The painstaking work is being conducted by graduate students and Thompson in two offices in Bishop Hall on the Ole Miss campus. It is an opportunity for them to broaden their skills and spectrum of experience.

The students are Monica Campbell, from Jonesboro, Arkansas; Paul Mora, of Clovis, California; Chuck Savage, of Little Rock, Arkansas; and Robrecus Toles, of Oxford.

“We have an evolving public history program, including a new course we’ll be offering in spring 2022,” said Noell Wilson, chair of the history department. “It’s important to give history graduate students as many choices as possible for future careers.”

Toles is starting the doctoral program in history this fall.

“One of the manuscripts I handled was an unpublished short story by Mayfield called ‘Peace Be Still,’ which he wrote in the early 2000s,” he said. “The story describes how he lost his father and half his siblings to tuberculosis and then he contracted the disease himself.

“He recovered but with his father and siblings gone, the brunt of the work of running the family fell on him. That consumed his teenage years.”

The sorting process is “very meticulous,” Toles said.

“I also know that working with archives, you have to choose what makes it into the archive out of all the personal documents, correspondence, manuscripts and art,” he said. “You’re choosing which things will make it into the museum one day. It’s a big responsibility.”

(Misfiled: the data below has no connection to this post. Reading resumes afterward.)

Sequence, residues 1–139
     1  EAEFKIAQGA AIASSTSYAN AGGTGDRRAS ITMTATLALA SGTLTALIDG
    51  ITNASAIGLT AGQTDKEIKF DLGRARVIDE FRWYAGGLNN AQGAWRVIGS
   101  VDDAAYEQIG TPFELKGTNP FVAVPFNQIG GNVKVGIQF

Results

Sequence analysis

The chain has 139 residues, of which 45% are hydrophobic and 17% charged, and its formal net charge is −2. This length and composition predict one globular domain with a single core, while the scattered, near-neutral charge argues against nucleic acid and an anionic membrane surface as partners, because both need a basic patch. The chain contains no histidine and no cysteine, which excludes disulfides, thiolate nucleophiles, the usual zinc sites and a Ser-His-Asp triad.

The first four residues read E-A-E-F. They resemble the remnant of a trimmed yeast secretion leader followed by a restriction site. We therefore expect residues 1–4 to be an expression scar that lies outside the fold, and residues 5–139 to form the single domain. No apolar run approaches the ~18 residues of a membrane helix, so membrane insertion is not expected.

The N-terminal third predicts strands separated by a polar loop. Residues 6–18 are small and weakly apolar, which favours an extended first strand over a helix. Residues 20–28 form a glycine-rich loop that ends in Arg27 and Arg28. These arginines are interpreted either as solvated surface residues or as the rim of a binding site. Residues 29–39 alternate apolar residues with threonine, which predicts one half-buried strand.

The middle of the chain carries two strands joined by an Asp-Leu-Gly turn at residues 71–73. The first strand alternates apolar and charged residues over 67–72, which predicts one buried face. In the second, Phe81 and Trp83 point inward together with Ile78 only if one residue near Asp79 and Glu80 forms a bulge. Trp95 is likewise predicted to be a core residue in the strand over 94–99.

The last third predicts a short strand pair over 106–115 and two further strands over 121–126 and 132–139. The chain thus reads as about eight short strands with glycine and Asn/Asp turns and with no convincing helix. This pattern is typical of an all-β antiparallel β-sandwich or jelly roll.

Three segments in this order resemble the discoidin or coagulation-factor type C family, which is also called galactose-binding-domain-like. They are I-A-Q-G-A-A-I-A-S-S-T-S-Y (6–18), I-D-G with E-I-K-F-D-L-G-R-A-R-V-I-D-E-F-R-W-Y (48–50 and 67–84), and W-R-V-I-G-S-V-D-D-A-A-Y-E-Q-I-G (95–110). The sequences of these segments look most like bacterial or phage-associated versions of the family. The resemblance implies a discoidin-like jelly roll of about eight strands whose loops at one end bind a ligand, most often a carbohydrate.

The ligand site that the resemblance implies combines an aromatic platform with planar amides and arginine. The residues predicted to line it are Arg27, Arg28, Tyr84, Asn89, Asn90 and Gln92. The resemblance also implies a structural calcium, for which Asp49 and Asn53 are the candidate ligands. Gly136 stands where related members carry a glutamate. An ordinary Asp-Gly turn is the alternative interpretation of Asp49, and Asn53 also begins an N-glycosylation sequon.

With the initial inventory completed, Thompson hopes to have all Mayfield’s personal papers arranged by December so the team can start putting together exhibits and interpretive materials. The tentative target for opening the museum is summer 2022.

“I hope to continue to partner with the university as we complete the work and open the museum,” she said. “I would really like to see a formal partnership for service learning where we would have a graduate assistant who would work as a paid intern and get experience in running a house museum.

“This could be a tremendous opportunity both for the museum and the university to offer real-world experience and to develop this museum into a cultural center for the community.”

Written by Abigail Meisel. This article appeared in the Fall 2021 issue of the Southern Register.